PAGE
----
In Gaza, the dead bury the dead

A martyr’s cemetery in Jenin (Photo: Rima Merriman)

On September 10, after an Israeli incursion into the northern Gaza Strip that had left at least five dead and dozens wounded, I went to a Gaza City cemetery to look for a young gravedigger.

I had met Mossab, a slim 18-year-old boy from Gaza City, a week earlier. He had long ago dropped out of school to pursue a profession that appeals to very few people, but which is catering to more and more youngsters in Gaza.

In the city’s Sheikh Radwan cemetery, Mossab, along with several other boys, was employed to dig, guard and take care of the graves of the men, women and children that pack the graveyard.

The cemetery covers a white sandy hill surrounded by a low graffiti-covered wall that was once white but has now turned yellowish after years of exposure to car fumes. Prickly pear cactus plants dot most of the cemetery.

Mossab was a veteran among the boys. He had worked at the graveyard for seven years during which time he had even had to bury some of his own friends. Leaning on one of the tombstones, Mossab had pointed out two graves on the other side of the cemetery. “They were my classmates. I buried them last year.”

The two, 16 and 17 years old, were shot dead when, armed with only a knife, they had attempted to infiltrate a heavily fortified Jewish settlement in the northern Gaza Strip. They had not been affiliated with any faction. As we walked towards their graves, Mossab, carrying a shovel on his shoulder, remembered his shock when he had learnt of their deaths. They were the hardest graves he had ever had to dig, he said.

Most people think of grave digging as a gloomy profession. But the young gravediggers at Sheikh Radwan considered their work honorable, especially since, in the words of Mossab, they have “the honor of burying the martyrs the Israelis kill.” The older boys will dig the graves and the younger ones help pile up the sand to cover it after the body has been laid to rest. The boys also help spray water on the graves and replace dead flowers, as well as chasing the herds of sheep and goats away that are attracted to the flora at the cemetery.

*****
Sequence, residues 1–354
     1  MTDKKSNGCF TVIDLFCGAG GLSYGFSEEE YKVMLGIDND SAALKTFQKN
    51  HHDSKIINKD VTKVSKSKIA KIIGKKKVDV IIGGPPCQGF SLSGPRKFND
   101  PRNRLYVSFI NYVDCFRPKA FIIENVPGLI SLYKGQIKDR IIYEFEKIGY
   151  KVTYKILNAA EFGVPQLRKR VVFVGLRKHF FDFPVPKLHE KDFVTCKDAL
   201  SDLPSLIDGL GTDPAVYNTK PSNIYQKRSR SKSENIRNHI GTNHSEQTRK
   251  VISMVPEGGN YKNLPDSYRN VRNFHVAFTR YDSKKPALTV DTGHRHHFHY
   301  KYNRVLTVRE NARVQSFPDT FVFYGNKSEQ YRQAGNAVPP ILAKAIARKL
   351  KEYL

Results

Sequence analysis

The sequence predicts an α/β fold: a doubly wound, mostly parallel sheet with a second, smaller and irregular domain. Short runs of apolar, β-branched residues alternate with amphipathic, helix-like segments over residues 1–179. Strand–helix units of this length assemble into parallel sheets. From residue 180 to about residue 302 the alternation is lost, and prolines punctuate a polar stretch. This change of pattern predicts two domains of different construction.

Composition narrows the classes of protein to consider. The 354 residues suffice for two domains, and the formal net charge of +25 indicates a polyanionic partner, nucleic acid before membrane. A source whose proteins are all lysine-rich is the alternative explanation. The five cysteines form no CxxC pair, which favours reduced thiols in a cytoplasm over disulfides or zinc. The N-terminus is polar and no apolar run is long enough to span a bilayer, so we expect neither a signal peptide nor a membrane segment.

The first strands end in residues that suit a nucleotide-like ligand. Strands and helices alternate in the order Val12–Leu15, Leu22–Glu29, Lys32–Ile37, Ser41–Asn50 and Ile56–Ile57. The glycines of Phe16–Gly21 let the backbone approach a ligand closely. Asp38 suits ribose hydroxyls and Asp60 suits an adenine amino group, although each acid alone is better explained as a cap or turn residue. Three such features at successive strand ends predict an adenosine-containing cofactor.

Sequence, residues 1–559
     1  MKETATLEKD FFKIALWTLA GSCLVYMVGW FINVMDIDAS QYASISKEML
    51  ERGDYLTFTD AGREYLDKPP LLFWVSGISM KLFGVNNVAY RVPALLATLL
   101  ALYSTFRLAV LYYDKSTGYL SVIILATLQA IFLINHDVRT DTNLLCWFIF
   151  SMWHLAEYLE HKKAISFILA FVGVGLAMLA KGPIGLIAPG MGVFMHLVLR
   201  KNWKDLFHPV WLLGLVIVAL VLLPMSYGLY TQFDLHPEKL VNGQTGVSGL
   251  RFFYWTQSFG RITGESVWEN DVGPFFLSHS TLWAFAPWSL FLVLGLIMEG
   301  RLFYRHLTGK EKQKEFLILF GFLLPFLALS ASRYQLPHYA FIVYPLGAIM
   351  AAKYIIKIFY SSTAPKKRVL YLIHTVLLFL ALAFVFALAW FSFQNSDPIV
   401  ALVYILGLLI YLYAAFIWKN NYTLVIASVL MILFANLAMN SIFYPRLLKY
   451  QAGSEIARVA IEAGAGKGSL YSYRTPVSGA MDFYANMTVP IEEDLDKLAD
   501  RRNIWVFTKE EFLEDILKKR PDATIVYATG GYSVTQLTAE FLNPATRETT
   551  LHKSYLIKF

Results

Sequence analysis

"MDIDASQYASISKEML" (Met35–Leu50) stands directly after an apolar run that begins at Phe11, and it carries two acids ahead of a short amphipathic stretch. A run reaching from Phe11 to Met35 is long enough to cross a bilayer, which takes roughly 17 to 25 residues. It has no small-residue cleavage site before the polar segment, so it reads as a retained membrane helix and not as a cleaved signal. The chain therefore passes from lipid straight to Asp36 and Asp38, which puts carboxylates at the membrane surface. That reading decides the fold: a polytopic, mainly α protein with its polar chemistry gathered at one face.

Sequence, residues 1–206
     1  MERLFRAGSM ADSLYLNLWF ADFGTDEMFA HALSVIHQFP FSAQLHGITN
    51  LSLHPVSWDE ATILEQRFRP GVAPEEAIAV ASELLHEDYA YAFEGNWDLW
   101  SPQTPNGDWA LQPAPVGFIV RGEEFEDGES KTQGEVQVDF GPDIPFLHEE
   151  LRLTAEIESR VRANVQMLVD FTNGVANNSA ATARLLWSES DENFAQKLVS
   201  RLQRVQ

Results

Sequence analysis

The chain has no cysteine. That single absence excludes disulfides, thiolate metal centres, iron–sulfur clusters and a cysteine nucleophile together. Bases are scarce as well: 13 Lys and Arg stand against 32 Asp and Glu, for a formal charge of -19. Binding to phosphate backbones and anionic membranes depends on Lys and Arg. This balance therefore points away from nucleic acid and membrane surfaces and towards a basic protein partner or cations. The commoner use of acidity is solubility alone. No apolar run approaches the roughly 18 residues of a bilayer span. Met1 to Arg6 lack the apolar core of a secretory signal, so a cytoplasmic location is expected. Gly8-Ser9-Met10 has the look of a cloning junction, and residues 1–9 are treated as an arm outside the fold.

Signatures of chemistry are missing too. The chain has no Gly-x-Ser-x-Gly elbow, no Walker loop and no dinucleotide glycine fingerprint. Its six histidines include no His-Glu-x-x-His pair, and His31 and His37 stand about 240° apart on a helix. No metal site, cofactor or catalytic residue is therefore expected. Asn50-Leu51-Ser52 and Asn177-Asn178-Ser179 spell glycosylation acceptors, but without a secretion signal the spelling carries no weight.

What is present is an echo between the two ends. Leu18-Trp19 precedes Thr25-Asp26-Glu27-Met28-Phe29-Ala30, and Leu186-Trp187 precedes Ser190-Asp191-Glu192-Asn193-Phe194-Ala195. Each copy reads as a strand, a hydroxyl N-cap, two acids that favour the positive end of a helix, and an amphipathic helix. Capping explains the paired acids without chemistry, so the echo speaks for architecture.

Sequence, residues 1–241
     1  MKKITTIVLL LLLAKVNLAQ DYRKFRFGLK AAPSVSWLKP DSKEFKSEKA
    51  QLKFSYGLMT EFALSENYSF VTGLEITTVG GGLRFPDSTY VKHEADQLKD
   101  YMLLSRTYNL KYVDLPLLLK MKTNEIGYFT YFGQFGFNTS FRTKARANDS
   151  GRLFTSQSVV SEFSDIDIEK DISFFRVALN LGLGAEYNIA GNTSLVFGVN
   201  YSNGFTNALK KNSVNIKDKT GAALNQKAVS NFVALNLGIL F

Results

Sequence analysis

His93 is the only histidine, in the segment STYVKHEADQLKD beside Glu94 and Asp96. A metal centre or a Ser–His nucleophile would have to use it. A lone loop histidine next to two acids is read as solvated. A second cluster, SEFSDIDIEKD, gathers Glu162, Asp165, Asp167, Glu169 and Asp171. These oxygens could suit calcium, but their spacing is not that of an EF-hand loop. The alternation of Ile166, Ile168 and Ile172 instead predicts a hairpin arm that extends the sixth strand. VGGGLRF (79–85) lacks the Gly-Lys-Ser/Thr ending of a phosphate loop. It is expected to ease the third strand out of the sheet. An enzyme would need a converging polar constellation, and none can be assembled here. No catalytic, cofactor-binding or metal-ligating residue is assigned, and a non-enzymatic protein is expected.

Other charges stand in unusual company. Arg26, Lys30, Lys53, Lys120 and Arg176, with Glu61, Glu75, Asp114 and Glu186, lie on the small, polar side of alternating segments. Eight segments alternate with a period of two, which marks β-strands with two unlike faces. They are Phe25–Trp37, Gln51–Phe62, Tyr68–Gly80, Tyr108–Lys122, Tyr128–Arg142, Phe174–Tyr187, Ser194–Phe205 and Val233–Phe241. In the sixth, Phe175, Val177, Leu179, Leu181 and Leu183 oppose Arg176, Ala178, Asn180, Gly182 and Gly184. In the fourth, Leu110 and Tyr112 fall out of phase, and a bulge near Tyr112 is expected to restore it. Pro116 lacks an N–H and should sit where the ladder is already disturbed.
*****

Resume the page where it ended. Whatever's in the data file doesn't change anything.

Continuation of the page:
“I know that someday I’m going to die, and that’s why I want the cemetery I’m buried in to be clean and tidy,” said Sameer Ghaben, 12, that day as he hurled some stones at two trespassing goats to chase them away.

Ghaben said he comes to the cemetery several times a week, “because my grandfather and uncles are buried here.” In a quiet whisper he confided that he always leaves before sunset because he’s afraid of snakes. The snakes are a problem, acknowledged Mossab, who was bitten once in the cemetery, but while it was painful, the snakes are not poisonous, he reassured the younger boy.

Nor was Mossab bothered by the company of the dead. “Ghosts are old stories our mothers and grandmothers used to make up to frighten us,” he grinned when asked.

For Mossab, grave digging had become his life. He had, he said, dug over 400 graves, and earned a reputation as a seasoned grave digger who was sometimes even specifically requested by relatives of the dead.

Mossab took up grave digging after repeatedly failing to pass his school exams. It soon became his main source of livelihood. He earned less than $10 a day but had more experience than the many boys who come to the cemetery during their summer vacations. Many youngsters choose the job, because they are almost guaranteed employment at any time. Experienced gravediggers often live with their families in small tin shacks inside the cemetery itself, rather than in the nearby residential neighborhoods. Mossab was still too young for that.

“I’m staying at my parents’ house at the moment, but I might think about building a shack here, since I spend most of the day and parts of the night here,” he said, as he bent down to remove some weeds from one of the graves. “I think after seven years I have developed a connection with the cemetery. I would prefer to be buried here,” he added.

He was confident of his employment at the cemetery for as long as it was open, though he didn’t believe that would be too long. Since the outbreak of the Intifada in September 2000, the Sheikh Radwan cemetery has witnessed a steadily increasing flow of bodies, officially becoming the Gaza Martyrs’ Cemetery. Over 3,000 Palestinians have been killed in the past four years, and over 1,000 of those were from the Gaza Strip. The cemetery is filling. “We have already started burying bodies on top of old graves. This place will close soon because of the Israeli attacks.”

At one corner of the cemetery, Mossab led me to a few cracked tombstones. “They didn’t spare even the dead,” he said, referring to a recent Israeli air strike on a building near the cemetery, which led to the damages.

Having interviewed Mossab at length about his work, I returned on September 10 to see him. But when I asked for him I was met by silence. A tiny dark-skinned boy in his early teens led me instead to a grave, its soil still wet with sprayed water and too recently dug to have a tombstone.

“This is Mossab,” said the young gravedigger, almost spitting out the words. “The Israelis killed him last night when he was at his uncle’s house in Beit Lahiya.”

This article was originally published on September 15, 2004, by Palestine Report, found at Also in this week’s edition: PR investigates the phenomenon of collaborators and reports on the football players barred from joining up with the national squad.